A Republican senator wants President Obama to screen the controversial comedy The Interview to Members of Congress at the White House, and then host a discussion on how future cyber attacks will be handled.
In a press release on his official website, Louisiana Senator David Vitter sent a letter to President Obama, calling for him to host a screening of The Interview during the first full week of 2015.
“The policy of rewarding terrorists, authoritarianism, and cruelty with concessions should not be the legacy we pursue. Therefore, I ask that you host a screening of comedy film ‘The Interview’ for Members of Congress in the White House the week of January 5th, to be followed by a serious discussion of the strong, substantive retaliatory measures we plan to take as a nation against cyber attacks.”
Vitter also mentioned that if the White House screens The Interview, it would show that the country is not afraid of North Korea.
“North Korea can’t have any reason to think that bullying and intimidation will threaten American principles like freedom of speech. Bringing all Members of Congress to watch this movie together would send a strong, clear message that America will not be intimidated.”
Republican National Committee (RNC) Chairman Reince Priebus also wants The Interview to be shown without any fear from North Korea. The RNC website shared a letter that Priebus sent to the CEOs of several movie theater chains, urging them to show The Interview.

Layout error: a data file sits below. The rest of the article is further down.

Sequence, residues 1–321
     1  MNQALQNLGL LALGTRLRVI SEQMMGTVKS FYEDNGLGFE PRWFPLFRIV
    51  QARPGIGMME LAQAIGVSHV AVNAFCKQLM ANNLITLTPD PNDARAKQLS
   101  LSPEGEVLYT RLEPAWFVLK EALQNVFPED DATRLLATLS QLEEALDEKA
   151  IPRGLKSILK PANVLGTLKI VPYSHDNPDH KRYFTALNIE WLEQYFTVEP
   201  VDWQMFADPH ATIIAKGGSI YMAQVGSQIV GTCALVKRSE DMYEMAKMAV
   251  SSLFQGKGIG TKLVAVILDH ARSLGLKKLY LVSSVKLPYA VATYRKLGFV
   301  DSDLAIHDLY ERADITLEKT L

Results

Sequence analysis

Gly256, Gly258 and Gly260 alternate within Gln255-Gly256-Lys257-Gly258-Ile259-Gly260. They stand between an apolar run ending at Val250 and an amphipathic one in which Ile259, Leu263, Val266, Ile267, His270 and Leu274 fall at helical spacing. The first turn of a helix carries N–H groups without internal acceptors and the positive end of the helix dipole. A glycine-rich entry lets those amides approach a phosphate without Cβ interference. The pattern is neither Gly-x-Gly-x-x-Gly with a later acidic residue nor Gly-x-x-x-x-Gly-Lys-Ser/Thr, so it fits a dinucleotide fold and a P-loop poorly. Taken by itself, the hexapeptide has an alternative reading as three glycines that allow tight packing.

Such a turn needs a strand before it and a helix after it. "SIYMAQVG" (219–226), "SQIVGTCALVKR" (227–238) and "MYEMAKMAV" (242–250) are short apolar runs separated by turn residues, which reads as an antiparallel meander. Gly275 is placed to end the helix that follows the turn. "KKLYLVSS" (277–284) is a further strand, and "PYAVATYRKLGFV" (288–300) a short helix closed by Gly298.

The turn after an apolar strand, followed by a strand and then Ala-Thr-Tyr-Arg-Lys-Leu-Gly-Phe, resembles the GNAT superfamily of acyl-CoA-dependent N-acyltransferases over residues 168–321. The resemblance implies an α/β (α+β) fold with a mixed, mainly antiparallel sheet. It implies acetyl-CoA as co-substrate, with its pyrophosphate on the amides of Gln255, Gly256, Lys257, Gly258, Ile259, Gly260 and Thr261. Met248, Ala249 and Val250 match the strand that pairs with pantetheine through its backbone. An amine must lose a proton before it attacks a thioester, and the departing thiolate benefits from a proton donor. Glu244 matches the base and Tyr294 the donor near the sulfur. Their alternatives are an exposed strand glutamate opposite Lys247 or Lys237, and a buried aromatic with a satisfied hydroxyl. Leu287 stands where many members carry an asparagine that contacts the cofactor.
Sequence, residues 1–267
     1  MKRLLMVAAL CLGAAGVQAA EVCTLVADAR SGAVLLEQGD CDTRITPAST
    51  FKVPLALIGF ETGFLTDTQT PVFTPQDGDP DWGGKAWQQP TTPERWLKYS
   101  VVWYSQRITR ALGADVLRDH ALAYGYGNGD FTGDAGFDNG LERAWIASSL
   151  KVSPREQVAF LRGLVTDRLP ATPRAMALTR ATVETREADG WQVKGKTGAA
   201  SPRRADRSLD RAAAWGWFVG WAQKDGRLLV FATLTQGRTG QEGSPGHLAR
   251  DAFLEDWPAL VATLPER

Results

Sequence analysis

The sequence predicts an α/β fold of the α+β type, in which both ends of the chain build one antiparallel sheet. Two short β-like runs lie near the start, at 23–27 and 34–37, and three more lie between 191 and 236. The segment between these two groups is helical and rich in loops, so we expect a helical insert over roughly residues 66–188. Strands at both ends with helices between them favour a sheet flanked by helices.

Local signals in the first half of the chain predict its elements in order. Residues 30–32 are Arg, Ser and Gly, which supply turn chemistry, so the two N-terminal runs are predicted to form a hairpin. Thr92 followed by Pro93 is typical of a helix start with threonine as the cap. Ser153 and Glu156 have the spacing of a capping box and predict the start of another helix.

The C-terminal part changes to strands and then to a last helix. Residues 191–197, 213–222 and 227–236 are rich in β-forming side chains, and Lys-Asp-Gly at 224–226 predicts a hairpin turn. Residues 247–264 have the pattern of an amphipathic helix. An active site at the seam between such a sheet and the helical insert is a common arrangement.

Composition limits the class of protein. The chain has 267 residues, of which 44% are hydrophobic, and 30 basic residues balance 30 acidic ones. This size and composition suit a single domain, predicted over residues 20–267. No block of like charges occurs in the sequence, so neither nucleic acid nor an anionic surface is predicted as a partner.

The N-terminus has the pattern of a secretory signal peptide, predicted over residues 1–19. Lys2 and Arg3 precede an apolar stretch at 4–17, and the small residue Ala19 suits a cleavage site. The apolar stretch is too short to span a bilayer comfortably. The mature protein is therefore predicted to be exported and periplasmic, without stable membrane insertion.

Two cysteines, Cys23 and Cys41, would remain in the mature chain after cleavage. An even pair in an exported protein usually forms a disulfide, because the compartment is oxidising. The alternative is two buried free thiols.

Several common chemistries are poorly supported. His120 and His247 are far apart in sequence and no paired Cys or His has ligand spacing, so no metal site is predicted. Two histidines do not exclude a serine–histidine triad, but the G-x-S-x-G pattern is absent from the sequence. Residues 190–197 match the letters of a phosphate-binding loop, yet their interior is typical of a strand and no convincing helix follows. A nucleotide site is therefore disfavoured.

“As you know, the Republican Party and Hollywood have at times been at odds. But we can all agree that the current situation regarding the release of ‘The Interview’ goes far beyond politics. It is about freedom and free enterprise.”
Another reason why Priebus said he wants theaters to show The Interview is because it is about more than just showing a movie at their business.
“Giving in to threats from the North Korean dictatorship is ceding our freedom to the whims of a totalitarian regime. We are setting a troubling example and a terrible precedent. Today, we’re talking about the movie industry. Tomorrow, we could be talking about energy, manufacturing, publishing, or even small businesses.”
Vitter and Priebus have added their names to the growing list of people who didn’t think Sony made the right decision in canceling the release of The Interview. As previously reported by the Inquisitr, Oscar winner Sean Penn sent an email to Mother Jones, saying that the decision to pull The Interview could lead to a lot more.
“It’s a case of putting short term interests ahead of the long term. If we don’t get the world on board to see that this is a game changer, if this hacking doesn’t frighten the Chinese and the Russians, we’re in for a very different world, a very different country, community, and a very different culture.”
Do you think the White House should host a screening of The Interview?